updated 6/3/2008 5:44:17 PM ET 2008-06-03T21:44:17

For presidents and premiers at summits, delicacies washed down by fine wines are all part of the agenda.

But the puff pastries with corn and mozzarella, pasta with pumpkin and shrimp, and rolls of thinly sliced veal served up Tuesday at a U.N. conference on fighting hunger were a contrast to bleak accounts of starving people around the world.

The menu was in French but the fare was strictly Italian, served in a dining room at the headquarters of the U.N. Food and Agriculture Organization.

The repast was accompanied by a chilled white wine from Orvieto in the hills of Umbria north of Rome.

"It's pretty standard stuff," said FAO spokesman Nick Parsons, describing the meal as "pleasant, light and nutritious."

For decades, the FAO has striven for a sober culinary touch since an embarrassing moment during a similar summit called in 1974 amid a food crisis and oil shock.

The foreign minister of Bangladesh, which had suffered a severe famine, addressed a nearly deserted conference hall as most of the delegates nibbled on canapes at a nearby cocktail party.

Commentators howled hypocrisy.

But in Rome, one of Europe's premier gastronomic capitals, it's hard to deliver a spare meal — and while they are here delegates will be eating such specialties as cheese mousse, parmesan risotto and lemon mousse with raspberry sauce.

The top delegates — heads of state and government — were invited to the luncheon in a special dining room. Everyone else ate in the cafeteria.

"Leaders can eat what they want as long as they take decisive action to deliver the policies and the aid in agriculture that is needed to ensure that poor people who are suffering from high food prices are helped," said Alexander Woollcombe, a spokesman for the British aid group Oxfam.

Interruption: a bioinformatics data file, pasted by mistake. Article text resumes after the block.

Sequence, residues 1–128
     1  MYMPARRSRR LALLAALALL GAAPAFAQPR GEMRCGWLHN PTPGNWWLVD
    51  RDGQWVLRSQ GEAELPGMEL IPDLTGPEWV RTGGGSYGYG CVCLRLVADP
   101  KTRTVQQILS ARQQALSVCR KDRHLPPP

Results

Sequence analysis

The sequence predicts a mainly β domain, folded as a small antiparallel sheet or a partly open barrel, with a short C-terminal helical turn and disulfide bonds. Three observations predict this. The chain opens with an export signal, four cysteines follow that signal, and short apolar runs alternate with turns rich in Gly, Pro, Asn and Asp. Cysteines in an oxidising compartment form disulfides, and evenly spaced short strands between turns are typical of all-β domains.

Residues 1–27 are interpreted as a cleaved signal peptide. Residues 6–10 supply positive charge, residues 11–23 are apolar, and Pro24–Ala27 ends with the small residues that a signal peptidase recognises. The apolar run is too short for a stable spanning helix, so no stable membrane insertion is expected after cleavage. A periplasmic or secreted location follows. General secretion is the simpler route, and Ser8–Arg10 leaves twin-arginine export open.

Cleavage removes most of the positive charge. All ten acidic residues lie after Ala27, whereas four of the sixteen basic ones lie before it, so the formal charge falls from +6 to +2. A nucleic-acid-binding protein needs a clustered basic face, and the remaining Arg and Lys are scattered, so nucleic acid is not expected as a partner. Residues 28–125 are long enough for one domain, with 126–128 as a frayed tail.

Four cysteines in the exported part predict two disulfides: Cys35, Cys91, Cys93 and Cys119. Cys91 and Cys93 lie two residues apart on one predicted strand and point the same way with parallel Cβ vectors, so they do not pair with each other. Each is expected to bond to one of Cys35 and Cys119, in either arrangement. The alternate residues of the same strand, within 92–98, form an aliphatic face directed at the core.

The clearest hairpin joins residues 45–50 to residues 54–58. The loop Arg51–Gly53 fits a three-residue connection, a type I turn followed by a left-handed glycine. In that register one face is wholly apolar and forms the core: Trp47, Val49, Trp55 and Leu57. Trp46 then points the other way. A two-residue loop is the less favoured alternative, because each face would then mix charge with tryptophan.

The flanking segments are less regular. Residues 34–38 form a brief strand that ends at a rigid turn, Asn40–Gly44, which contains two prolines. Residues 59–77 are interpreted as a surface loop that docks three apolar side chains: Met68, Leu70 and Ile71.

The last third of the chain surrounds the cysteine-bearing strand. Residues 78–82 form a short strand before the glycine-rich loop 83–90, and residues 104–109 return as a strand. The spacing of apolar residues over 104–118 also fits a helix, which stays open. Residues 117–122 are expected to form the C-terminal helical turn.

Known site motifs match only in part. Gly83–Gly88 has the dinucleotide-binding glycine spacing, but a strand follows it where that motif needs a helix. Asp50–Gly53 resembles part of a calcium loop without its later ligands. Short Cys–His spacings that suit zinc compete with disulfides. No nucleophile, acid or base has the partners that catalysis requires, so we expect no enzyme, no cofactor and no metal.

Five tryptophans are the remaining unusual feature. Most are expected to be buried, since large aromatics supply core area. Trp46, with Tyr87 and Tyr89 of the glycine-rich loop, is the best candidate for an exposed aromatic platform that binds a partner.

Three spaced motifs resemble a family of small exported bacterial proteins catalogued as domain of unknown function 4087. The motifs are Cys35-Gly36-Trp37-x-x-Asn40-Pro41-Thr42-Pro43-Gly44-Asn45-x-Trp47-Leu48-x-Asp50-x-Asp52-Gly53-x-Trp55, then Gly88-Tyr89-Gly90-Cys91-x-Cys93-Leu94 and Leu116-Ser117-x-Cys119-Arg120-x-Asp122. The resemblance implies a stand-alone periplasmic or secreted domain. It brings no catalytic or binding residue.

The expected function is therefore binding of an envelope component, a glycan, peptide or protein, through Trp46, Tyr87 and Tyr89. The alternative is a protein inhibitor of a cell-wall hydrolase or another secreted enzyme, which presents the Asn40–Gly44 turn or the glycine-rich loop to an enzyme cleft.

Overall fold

The FAO headquarters was intended to be a ministry for running World War II dictator Benito Mussolini's African conquests, but the regime collapsed before the building was finished and it was later turned over to the U.N. agency.

The FAO luncheon was not the only food game in town for delegates.

Premier Silvio Berlusconi was co-hosting a state dinner Tuesday evening with U.N. Secretary-General Ban Ki-moon at Villa Madama, a Renaissance villa.

Berlusconi aides said they planned what they call a "Tricolore menu" — a meal that evokes the green, white and red of the Italian flag and has become a standard of formal dining under the patriotic premier.

For the Tuesday dinner, guests were being served pasta with pesto, cheese and tomatoes, a beef steak with a tricolore side dish of vegetables and pistachio, and vanilla and strawberry ice cream.

The wines, of course, will be Italian, as well as the after dinner drinks — grappa and limoncello.

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